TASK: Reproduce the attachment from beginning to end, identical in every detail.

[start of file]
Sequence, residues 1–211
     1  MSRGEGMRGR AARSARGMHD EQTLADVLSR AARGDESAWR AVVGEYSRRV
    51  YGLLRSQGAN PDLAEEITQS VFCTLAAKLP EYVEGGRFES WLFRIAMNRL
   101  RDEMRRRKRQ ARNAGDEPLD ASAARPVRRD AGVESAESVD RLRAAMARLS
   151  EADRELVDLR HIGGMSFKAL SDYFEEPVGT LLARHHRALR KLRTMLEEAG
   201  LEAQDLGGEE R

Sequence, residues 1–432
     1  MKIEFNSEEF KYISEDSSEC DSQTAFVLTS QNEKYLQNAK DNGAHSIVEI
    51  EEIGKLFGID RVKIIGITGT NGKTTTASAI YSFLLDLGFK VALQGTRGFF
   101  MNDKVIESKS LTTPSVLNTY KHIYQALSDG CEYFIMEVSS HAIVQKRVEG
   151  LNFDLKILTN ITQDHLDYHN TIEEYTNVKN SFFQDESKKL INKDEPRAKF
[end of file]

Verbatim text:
Sequence, residues 1–211
     1  MSRGEGMRGR AARSARGMHD EQTLADVLSR AARGDESAWR AVVGEYSRRV
    51  YGLLRSQGAN PDLAEEITQS VFCTLAAKLP EYVEGGRFES WLFRIAMNRL
   101  RDEMRRRKRQ ARNAGDEPLD ASAARPVRRD AGVESAESVD RLRAAMARLS
   151  EADRELVDLR HIGGMSFKAL SDYFEEPVGT LLARHHRALR KLRTMLEEAG
   201  LEAQDLGGEE R

Sequence, residues 1–432
     1  MKIEFNSEEF KYISEDSSEC DSQTAFVLTS QNEKYLQNAK DNGAHSIVEI
    51  EEIGKLFGID RVKIIGITGT NGKTTTASAI YSFLLDLGFK VALQGTRGFF
   101  MNDKVIESKS LTTPSVLNTY KHIYQALSDG CEYFIMEVSS HAIVQKRVEG
   151  LNFDLKILTN ITQDHLDYHN TIEEYTNVKN SFFQDESKKL INKDEPRAKF